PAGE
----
Three months after police officer Darren Wilson shot unarmed black teenager Michael Brown in Ferguson, Missouri, protests have shown no signs of slowing down.
Anticipating unrest ahead of the grand jury’s decision on whether or not to indict Wilson, Missouri Gov. Jay Nixon declared a state of emergency Monday in preparation for greater unrest.
Being from Chesterfield, Missouri — which is in the same county as Ferguson and only a 30-minute drive away — it’s interesting to see how people in Ohio view the current situation in Ferguson from an outsider’s perspective.
Having been in Missouri when the shooting first occurred, my family and I witnessed firsthand the state’s reaction to the shooting and the events that followed.
While driving to a concert in August, my mother and sister saw pro-Wilson supporters in downtown St. Louis, and my friend who attends St. Louis University experienced pro-Brown protesters on her campus. From my experiences, it seems the reactions have been diverse.
My family lives in Missouri, my little sister was born there and it’s where I attended grade school, which is why it’s difficult to watch the state turn on itself in such a volatile way.
Watching news footage of the looting and riots made me realize that racial divides still exist in America. I was sitting comfortably in my home, while only a half hour away, an entire city was practically burning itself to the ground.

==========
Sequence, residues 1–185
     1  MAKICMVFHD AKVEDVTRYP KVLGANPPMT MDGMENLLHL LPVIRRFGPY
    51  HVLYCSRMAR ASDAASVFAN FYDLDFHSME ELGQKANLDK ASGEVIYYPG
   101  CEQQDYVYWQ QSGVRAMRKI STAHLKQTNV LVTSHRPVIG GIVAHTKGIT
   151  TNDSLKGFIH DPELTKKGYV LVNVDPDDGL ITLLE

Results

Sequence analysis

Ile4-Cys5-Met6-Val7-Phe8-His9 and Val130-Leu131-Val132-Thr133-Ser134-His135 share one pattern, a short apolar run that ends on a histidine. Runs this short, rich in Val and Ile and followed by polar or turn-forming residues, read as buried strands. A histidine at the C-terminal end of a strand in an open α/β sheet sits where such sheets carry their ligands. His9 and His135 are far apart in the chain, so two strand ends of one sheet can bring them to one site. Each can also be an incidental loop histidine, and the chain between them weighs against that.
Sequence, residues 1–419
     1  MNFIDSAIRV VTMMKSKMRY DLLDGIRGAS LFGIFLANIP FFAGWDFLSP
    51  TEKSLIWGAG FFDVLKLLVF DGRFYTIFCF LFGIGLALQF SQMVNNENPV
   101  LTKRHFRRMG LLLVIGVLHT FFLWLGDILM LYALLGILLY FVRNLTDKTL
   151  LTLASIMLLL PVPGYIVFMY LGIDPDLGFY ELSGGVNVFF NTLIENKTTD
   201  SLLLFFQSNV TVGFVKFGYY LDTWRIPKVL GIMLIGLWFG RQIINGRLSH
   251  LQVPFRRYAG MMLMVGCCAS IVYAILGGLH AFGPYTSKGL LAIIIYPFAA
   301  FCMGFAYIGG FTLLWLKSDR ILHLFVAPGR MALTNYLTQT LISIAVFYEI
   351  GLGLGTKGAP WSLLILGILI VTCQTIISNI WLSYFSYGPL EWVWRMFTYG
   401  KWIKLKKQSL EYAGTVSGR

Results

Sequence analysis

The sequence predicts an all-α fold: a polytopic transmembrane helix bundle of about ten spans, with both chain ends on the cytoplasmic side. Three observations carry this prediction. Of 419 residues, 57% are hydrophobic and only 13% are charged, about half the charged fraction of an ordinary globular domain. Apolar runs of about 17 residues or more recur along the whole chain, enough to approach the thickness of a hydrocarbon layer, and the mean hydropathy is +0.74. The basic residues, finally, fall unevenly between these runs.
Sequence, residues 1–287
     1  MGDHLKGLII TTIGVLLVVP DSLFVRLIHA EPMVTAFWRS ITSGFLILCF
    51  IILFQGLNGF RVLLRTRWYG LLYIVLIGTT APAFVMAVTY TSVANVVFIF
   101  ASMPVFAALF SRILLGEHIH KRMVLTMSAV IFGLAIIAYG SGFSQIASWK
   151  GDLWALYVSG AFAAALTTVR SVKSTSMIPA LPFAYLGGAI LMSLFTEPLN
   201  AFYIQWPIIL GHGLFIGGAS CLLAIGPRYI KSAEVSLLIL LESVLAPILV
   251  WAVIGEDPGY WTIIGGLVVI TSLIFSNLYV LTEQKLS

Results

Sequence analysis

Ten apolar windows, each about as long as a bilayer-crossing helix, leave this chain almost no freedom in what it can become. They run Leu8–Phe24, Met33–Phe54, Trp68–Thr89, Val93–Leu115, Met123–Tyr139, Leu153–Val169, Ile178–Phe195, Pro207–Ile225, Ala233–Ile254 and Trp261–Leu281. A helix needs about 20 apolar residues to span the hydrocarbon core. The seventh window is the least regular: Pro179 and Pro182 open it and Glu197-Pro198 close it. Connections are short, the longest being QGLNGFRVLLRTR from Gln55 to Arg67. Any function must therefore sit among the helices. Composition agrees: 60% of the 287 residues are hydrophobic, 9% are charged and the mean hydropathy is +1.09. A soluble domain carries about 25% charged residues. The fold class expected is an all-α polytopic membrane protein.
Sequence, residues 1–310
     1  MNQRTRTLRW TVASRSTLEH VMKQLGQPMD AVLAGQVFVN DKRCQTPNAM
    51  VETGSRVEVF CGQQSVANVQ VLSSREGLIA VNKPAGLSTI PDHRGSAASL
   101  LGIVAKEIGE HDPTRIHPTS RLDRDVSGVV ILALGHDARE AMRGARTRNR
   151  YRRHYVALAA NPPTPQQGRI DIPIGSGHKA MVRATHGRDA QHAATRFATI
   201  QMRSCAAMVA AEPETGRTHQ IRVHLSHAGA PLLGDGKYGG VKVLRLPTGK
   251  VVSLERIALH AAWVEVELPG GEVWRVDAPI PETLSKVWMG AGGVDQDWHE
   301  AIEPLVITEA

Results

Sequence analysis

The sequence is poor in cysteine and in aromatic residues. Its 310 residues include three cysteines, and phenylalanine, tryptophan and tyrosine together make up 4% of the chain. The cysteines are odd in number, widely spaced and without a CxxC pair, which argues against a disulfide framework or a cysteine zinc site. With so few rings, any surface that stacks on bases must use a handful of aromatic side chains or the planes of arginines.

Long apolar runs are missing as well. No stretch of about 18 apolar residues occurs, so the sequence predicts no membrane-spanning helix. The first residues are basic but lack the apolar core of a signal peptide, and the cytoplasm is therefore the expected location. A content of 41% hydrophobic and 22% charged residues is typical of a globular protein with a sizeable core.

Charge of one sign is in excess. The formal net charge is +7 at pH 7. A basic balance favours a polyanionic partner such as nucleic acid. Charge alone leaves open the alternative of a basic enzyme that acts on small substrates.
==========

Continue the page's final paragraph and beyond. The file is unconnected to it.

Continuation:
Even though my hometown and Ferguson are only 25 miles apart, these cities couldn’t be more different in terms of socio-economic status.
The estimated median household income in Ferguson is $36,121 whereas Chesterfield’s is $93,248. In Chesterfield, 84 percent of the population is white and 2.6 percent of the population is black, and in Ferguson, 30.6 percent of the population is white and 64.9 percent of the population is black. That’s a pretty huge difference for being neighboring towns.
When people think of Chesterfield, Missouri, they think of the largest strip mall in America. But when people think of Ferguson, Missouri, they think of the death of a black teenager and the looting of a city.
While I was golfing with my dad one Sunday this past August, a group of men, all of whom were white, were watching news coverage of Ferguson when one of the men made a comment about how Brown was probably on welfare. Another man at the table responded jokingly that the only way to get people off of welfare is “a bullet to the head.”
Racial tension did not disappear after the sixties. Just because it has declined and became less visible doesn’t mean it no longer exists.
The grand jury is in a catch 22 situation and as long as racial tension continues to exist in America, there seems to be no possible way the situation in Ferguson could end peacefully.
Gabby McDaris is a freshman studying screenwriting. Email her at email@example.com.